Gorilla and Sean remind each other to conduct self-examinations (early detection is key!) before we play another round.
This time, as Shawn explains how viewers can pick up their Bingo cards free of charge at Neighbor Care pharmacy and Metro Food Market, his sample card gets yanked away by a poltergeist.
Sean calls five more numbers, and the game abruptly ends altogether when Fred the bingo computer determines that a particular card has won…
…at which point a canned sound bite from a very Baltimorese crowd plays for the home audience. Bing-geh-ew!
Who won? Who knows! Unlike every other game show (except McMahon’s Million Dollar Mania), you never get to see any of the players, as they’re all at home watching on TV.
If that doesn’t sound exciting enough already, Sean Mooney isn’t even sure if this is a real Bingo or just another April Fools’ joke from Fred. Fred is evidently more intelligent than Sean, who failed to pull of any pranks today. Just think of all the work that went into developing Fred’s AI, and for only 13 weeks of episodes!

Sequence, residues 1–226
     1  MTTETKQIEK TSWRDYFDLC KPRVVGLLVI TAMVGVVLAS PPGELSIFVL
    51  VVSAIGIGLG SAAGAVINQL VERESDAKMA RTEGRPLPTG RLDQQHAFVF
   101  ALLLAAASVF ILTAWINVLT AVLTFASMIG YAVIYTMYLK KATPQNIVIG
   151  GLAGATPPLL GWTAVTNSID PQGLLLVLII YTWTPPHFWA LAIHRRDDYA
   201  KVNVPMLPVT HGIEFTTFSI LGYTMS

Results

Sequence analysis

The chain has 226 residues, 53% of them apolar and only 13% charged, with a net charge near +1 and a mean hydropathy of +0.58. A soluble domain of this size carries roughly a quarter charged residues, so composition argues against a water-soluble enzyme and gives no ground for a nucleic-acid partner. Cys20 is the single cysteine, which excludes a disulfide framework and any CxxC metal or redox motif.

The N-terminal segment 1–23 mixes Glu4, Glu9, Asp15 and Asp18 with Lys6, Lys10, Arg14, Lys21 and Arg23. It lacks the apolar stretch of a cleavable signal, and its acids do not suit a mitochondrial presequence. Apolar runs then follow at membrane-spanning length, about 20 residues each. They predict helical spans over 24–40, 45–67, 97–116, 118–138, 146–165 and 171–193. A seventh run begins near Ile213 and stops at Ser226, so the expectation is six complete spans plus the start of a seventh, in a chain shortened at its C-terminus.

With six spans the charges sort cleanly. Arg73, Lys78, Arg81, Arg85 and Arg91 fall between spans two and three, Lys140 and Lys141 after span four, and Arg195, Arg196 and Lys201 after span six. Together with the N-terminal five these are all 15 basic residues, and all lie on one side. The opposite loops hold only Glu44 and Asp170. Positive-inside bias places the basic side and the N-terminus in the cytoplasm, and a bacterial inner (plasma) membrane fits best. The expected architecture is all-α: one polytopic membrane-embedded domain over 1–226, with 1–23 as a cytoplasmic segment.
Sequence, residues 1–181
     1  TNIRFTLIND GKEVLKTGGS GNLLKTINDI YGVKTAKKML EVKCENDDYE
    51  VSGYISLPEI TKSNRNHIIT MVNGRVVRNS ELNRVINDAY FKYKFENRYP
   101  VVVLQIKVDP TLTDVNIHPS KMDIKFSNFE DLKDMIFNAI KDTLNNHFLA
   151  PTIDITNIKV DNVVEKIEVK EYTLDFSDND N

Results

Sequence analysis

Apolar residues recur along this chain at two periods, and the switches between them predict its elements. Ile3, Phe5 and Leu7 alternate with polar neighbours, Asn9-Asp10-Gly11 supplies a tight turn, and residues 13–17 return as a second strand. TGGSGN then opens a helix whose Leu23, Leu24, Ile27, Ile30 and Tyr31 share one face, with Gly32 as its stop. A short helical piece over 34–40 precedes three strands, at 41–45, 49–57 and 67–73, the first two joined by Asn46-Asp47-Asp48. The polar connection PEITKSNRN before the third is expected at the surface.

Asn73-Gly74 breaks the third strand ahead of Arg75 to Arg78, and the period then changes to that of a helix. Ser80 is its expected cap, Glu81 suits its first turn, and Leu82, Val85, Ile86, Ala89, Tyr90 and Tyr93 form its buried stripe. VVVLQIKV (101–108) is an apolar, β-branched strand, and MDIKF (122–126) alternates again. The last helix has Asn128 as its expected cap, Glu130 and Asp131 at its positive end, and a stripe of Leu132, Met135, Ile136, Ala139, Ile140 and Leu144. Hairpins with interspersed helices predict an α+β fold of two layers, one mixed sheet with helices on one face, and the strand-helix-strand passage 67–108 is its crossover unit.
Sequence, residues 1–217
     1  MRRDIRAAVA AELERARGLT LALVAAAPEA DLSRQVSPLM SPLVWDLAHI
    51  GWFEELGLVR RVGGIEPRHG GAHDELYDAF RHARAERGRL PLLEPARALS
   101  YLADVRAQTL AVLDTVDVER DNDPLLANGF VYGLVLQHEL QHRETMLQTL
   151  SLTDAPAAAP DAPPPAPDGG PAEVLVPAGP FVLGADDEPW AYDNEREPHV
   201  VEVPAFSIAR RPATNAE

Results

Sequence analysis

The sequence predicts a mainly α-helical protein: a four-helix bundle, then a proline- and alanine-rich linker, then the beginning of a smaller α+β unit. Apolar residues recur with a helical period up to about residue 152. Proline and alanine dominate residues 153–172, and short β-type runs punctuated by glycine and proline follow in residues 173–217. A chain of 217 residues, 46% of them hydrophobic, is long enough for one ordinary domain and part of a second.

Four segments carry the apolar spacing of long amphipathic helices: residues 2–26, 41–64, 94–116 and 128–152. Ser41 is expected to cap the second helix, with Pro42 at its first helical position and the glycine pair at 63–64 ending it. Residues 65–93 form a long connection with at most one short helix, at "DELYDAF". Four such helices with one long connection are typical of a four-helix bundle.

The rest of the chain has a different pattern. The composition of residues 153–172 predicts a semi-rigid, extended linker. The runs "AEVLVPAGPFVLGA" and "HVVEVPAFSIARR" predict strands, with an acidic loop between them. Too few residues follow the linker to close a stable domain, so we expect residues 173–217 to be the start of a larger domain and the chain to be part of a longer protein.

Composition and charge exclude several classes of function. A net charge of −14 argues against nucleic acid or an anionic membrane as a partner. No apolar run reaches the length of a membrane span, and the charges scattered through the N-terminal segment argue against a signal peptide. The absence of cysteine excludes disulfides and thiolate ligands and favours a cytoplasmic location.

But it isn’t a joke, nor, unfortunately, is the prize for whoever happened to have card #2199:
Didn’t that Sun article say Sweglar sank a quarter million dollars into this show?
With all the Bingo action over for the day, the Dave Smith Five play Twist and Shout again heading into the final commercial.
Next, host Caron is joined by two psychics from the American Association of Professional Psychics.
I don’t know Gail’s qualifications as an astrologer, but if she couldn’t see this show getting cancelled after 13 weeks, I have to question her credentials.
You don’t need to be a psychic, though, to guess that her associate Linda is a local.
Our psychic guests get interrupted by a familiar voice. Why, it’s Bobby Heenan!